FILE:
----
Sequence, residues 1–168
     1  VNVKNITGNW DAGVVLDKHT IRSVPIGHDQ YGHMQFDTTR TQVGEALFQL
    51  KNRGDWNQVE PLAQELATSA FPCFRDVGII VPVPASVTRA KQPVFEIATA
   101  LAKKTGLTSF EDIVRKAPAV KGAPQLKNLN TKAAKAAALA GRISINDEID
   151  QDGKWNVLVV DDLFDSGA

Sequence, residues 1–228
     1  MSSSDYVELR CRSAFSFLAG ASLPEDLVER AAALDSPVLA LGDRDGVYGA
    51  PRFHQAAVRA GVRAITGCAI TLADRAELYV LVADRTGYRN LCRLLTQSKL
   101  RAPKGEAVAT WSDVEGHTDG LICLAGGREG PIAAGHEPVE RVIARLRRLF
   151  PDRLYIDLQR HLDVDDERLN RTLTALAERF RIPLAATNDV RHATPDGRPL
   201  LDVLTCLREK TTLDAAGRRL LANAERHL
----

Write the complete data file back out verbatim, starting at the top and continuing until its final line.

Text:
Sequence, residues 1–168
     1  VNVKNITGNW DAGVVLDKHT IRSVPIGHDQ YGHMQFDTTR TQVGEALFQL
    51  KNRGDWNQVE PLAQELATSA FPCFRDVGII VPVPASVTRA KQPVFEIATA
   101  LAKKTGLTSF EDIVRKAPAV KGAPQLKNLN TKAAKAAALA GRISINDEID
   151  QDGKWNVLVV DDLFDSGA

Sequence, residues 1–228
     1  MSSSDYVELR CRSAFSFLAG ASLPEDLVER AAALDSPVLA LGDRDGVYGA
    51  PRFHQAAVRA GVRAITGCAI TLADRAELYV LVADRTGYRN LCRLLTQSKL
   101  RAPKGEAVAT WSDVEGHTDG LICLAGGREG PIAAGHEPVE RVIARLRRLF
   151  PDRLYIDLQR HLDVDDERLN RTLTALAERF RIPLAATNDV RHATPDGRPL
   201  LDVLTCLREK TTLDAAGRRL LANAERHL